[Blogger’s Note:  Today’s post originates from a discovery – a gem hidden in plain sight – first brought to my attention by  Gabe Mozes, my immigration partner at Seyfarth Shaw, and co-author of this piece. Great immigration lawyer that he is, Gabe raised a particularly galling example of how U.S. Citizenship and Immigration Services

retro_grunge_triangles_background.jpgThe dictionary defines the adjective, “passive-aggressive,” as “a type of behavior or personality characterized by indirect resistance to the demands of others and an avoidance of direct confrontation.”  That is an apt characterization describing how federal bureaucrats work their will in the immigration ecosphere.  The passive-aggressive behaviors show up in efforts by federal immigration officials

Investigator.pngSamuel Herbert, Her Majesty’s Home Secretary from 1931-32 (the British equivalent of the U.S. Secretary of Homeland Security), could well have been speaking about two recent immigration-related events when he quipped that “bureaucracy” is “a difficulty for every solution.”

One is an October 30 Settlement Agreement between Indian It consulting giant, Infosys, and the

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[Blogger’s Note: This post — originally published on March 31, 2013 — is a guest column (updated on April 3, 2013) to reflect actions by the 11th Circuit Court of Appeals and U.S. Citizenship and Immigration Services.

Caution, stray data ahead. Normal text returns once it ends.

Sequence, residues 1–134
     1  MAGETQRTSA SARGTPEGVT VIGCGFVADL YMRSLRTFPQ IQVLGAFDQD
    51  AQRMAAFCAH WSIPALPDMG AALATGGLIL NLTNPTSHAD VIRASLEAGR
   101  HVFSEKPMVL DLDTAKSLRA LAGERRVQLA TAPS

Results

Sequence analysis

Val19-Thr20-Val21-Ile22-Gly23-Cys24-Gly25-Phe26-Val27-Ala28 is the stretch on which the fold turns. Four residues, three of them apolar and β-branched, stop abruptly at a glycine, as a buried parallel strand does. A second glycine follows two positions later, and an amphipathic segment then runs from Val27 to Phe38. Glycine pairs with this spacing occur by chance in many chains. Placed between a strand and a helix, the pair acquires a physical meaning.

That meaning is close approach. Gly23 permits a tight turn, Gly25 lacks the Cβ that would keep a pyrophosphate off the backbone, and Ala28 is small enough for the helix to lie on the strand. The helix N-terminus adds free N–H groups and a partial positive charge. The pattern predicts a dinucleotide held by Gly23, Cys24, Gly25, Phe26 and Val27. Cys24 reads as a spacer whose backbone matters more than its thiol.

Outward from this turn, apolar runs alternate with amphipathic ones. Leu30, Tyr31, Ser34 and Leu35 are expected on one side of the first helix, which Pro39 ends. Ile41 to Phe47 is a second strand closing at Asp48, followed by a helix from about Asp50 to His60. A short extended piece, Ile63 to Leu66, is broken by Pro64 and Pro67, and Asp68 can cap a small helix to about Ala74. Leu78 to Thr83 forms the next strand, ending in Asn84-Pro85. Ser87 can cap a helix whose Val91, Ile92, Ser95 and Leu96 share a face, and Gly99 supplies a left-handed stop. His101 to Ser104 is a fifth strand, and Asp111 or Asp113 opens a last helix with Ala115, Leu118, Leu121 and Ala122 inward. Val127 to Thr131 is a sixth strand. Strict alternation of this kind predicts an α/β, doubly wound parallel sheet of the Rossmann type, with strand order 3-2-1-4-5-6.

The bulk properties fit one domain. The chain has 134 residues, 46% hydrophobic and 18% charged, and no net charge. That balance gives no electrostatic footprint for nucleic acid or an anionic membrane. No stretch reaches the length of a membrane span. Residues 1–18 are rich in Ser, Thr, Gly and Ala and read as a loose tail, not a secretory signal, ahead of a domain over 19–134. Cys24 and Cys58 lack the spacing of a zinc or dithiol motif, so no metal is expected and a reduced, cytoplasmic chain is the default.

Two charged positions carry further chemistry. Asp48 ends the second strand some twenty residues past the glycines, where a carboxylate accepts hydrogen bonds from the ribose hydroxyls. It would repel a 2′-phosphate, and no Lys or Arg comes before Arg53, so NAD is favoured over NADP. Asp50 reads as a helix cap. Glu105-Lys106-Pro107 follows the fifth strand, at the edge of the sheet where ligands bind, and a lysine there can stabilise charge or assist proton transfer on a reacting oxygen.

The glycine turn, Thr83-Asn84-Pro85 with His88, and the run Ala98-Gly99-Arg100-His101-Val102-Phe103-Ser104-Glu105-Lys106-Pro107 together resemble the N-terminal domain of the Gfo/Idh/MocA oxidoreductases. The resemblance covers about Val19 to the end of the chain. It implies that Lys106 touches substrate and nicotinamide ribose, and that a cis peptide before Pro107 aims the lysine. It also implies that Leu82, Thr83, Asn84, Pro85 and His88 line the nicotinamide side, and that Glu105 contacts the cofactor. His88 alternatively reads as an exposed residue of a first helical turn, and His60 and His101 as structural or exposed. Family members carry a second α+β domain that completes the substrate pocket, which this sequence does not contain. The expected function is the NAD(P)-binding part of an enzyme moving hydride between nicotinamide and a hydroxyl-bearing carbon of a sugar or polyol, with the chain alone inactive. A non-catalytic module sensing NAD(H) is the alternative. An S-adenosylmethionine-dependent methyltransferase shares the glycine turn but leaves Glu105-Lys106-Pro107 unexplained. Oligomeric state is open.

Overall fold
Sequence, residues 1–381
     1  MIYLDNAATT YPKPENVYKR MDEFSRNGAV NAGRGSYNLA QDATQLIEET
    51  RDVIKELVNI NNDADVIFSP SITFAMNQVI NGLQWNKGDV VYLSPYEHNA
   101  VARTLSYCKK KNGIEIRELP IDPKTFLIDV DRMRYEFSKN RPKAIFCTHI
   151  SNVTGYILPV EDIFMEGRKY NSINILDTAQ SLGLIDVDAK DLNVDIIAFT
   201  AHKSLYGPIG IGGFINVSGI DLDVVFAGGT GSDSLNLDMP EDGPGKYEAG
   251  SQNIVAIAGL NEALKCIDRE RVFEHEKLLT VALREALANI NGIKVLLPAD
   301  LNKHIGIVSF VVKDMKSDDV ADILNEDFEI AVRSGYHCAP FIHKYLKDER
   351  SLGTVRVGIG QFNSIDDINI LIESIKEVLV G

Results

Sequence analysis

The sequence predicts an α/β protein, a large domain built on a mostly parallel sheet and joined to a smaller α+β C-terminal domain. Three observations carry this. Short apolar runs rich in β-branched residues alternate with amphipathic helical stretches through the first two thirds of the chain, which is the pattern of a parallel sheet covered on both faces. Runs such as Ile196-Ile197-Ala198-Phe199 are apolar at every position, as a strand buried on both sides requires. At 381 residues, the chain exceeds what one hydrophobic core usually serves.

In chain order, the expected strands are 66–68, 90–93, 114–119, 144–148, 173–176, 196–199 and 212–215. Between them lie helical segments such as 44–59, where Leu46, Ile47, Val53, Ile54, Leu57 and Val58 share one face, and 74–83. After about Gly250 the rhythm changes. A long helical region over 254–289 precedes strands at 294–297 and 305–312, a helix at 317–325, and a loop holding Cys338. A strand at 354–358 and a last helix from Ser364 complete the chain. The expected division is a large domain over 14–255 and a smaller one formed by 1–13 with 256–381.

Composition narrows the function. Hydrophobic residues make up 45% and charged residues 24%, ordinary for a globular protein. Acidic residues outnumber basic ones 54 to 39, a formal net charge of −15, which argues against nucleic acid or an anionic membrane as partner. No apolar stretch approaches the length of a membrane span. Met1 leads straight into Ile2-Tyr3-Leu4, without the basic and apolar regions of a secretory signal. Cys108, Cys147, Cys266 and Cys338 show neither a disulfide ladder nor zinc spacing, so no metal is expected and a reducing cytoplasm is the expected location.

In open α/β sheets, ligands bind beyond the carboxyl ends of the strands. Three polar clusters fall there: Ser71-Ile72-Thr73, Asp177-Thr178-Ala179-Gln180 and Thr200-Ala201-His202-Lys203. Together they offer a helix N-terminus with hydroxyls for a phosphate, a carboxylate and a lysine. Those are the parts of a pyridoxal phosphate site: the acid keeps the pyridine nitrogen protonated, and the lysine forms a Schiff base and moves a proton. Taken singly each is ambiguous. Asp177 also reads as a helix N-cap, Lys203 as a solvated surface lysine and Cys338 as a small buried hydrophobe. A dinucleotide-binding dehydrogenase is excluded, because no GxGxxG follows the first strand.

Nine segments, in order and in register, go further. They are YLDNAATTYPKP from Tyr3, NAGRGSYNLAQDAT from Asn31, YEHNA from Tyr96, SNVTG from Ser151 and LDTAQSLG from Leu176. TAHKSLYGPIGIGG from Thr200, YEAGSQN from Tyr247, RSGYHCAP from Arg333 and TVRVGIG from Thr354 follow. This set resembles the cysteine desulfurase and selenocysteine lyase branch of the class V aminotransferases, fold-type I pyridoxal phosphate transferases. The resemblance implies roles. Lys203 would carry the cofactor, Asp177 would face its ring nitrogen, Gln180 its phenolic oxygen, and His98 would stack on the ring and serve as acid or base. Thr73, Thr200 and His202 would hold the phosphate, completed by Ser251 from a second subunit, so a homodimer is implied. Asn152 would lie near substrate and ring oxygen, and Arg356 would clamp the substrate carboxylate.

The original post was authored by a former federal government official who played a substantial role in immigration

Cabinet_of_Dr_Caligari_1920_Lobby_Card.jpgOne of the most challenging elements of comprehensive immigration reform (CIR) has long been the need for consensus on the legal, temporary entry of essential foreign workers. This plan for “future flows” of guest workers is critical if we are to reduce the incentive of unauthorized migrants to crash the border.

The lack of agreement between

dsc_5254.jpg[Blogger’s note:  Today’s guest blog is by my friend and scholarly colleague, Nathan Waxman.  Nathan revisits an issue he first considered eight years ago in this space when he bemoaned the increasingly poor quality of ethnically authentic food in New York City, and laid the blame upon our immigration laws.  Having suffered through several

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As we count out the final hours of 2012, let’s recall the highs and lows of the past year in America’s dysfunctional immigration ecosphere.

Nation of Immigrators is pleased to confer its third annual IMMI Awards. (Full disclosure: As in past years, these are my personal choices. If you disagree or believe I’ve missed an

road closed sign.jpgAs Republicans join Democrats in contemplating reform of the nation’s dysfunctional immigration system, the final line of the Pledge of Allegiance (“with liberty and justice for all”) is the best place to start. 

Revitalizing our broken and outdated 20th Century immigration laws to respond to the needs of 21st Century America will turn in large

Corporations-are-not-people.jpgAt least by 1602 with the chartering of the Dutch East India Company, and perhaps as early as the 1300s with the formation of the first colleganza, a rudimentary joint-stock company set up in Venice to share the cost of a trade expedition, human beings and corporations have cohabited the earth.

Although the shared habitation of human and

Youthful fans of Saturday Night Live may be forgiven for assuming, however mistakenly, that SNL invented satirical television comedy. The patent for this invention probably ought to go instead to other earlier contenders, Jack Paar, Sid Caesar, Imogene Coco or Steve Allen.  While I love these past and present paragons of humor, I’ll never